The angel herself is shown with arms reaching overhead and face turned upward, like a gymnast performing an uneven bar routine, about to stick a perfect landing. “There was intention to design the figure to be athletic and dynamic, youthful and female,” he says. “We felt this was more in keeping with the progressive vision Los Angeles was forming for their Olympic bid.”
One of the key differences between Los Angeles’ emblem design and those of other bid cities is its literal approach. Paris and Rome have submitted highly abstract representations of their city’s most notable landmarks—the Paris logo consists of the number 24 in a shape resembling the Eiffel Tower, and Rome’s features the Colosseum.
Not only is Los Angeles’ emblem a proportionally accurate depiction of a human figure, it’s clearly female. This is unusual because figurative emblems are often deliberately designed without a clear sex.
“Choosing female over male was a decision from the perception, and reality, that sports communication is already dominated by male athletic imagery,” Nakata says. “The Olympics are an event that celebrates male and female athletic achievement in equal measure. Why not represent athletic achievement through female form?"
The Secret Construction
The emblem’s curvatures are also a deliberate nod to L.A.’s aesthetics. A closer look at the design’s construction shows that it harkens back to design styles popular throughout L.A. during the earlier parts of the 20th century. The outline is composed entirely of pure circles arranged over square proportions, as seen in this graphic from 72andSunny:
The strict use of circles as a guide for the silhouette is a throwback to Art Deco or early Modernist design, two styles that characterize many of L.A.’s famous buildings from the city’s period of unprecedented growth during the 1920s and 1930s. Buildings like the Eastern Columbia Building and L.A.’s City Hall are all covered with fabulously ornate designs composed of relatively simple geometric patterns. “Most logos today tend to be more abstract,” Nakata says.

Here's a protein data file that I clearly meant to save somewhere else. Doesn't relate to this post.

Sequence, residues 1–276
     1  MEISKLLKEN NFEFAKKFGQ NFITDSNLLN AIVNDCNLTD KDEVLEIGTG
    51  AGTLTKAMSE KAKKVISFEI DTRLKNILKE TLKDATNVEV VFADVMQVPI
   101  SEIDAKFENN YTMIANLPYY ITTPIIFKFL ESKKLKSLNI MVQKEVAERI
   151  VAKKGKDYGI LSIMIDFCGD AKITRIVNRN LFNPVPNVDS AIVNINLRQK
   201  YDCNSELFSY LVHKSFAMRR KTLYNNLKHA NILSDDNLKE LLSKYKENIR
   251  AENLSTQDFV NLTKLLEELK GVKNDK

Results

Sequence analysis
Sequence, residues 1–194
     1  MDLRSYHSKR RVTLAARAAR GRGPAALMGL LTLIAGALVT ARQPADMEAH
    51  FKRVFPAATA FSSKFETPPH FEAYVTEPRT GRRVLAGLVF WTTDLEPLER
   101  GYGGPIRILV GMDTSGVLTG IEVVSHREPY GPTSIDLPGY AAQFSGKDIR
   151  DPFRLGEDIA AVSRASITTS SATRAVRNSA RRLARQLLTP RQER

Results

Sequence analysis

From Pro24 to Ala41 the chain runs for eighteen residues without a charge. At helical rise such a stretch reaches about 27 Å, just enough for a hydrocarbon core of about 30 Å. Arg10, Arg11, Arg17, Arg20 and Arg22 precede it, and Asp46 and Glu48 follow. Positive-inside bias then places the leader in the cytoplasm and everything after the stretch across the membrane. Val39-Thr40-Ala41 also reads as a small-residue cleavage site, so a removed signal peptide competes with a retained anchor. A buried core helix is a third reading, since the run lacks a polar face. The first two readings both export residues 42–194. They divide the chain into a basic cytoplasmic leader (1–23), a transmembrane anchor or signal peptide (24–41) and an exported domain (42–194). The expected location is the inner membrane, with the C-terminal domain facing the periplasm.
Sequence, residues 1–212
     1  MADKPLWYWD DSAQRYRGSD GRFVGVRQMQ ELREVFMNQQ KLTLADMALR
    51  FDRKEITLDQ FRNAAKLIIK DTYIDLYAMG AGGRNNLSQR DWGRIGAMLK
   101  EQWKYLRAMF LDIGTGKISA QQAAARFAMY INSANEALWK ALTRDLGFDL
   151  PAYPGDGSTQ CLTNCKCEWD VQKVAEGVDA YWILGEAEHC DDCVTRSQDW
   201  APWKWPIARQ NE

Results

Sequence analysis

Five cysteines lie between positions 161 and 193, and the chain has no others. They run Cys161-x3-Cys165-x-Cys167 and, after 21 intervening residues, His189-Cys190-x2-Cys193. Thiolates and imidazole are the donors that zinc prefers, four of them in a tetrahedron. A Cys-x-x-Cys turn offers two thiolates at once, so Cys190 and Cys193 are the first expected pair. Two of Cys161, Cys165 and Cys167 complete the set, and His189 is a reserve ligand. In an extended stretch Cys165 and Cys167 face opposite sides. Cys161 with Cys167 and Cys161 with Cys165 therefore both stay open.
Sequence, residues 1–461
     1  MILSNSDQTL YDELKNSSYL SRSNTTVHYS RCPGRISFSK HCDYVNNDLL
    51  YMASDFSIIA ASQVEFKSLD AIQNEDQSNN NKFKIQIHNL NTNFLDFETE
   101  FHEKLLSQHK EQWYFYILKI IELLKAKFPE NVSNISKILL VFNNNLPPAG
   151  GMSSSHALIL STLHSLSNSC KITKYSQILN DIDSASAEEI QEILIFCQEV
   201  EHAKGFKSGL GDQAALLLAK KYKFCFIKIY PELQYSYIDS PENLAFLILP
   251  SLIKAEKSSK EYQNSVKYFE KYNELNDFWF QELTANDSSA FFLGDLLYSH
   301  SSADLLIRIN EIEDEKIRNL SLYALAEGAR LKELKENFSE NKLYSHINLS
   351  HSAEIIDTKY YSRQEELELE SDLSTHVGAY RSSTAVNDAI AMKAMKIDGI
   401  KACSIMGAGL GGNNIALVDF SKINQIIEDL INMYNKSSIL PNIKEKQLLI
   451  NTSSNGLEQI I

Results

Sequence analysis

The emblem’s typeface which 72andSunny designed in-house, also reflects Art Deco and Modernist influences. “Creating a custom font based on circles and squares seemed like a logical extension of the design to create overall harmony,” Nakata says. Each letter is simple and geometric, which Nakata says “feels like older Los Angeles, because 3D type on buildings tended to be constructed this way [in the mid-20th century].” Take, for example, the uniform block text on the Griffith Observatory, which was built in the early 1930s in the Art Deco style.
The Big Reveal
The bid emblem has received a widely warm reception among Angelenos. Mayor Eric Garcetti trumpeted it as a rightful representation of the “hard work, creativity, and ingenuity” reflected in the Angeleno spirit. “I’m a fan,” says Ruth Wallach, the director of the Arts and Humanities Libraries at the University of Southern California. “It reminds me of those smoggy sunsets L.A. does so well. Other places have good sunsets, but the smog in L.A. gives our own such magnificent color.”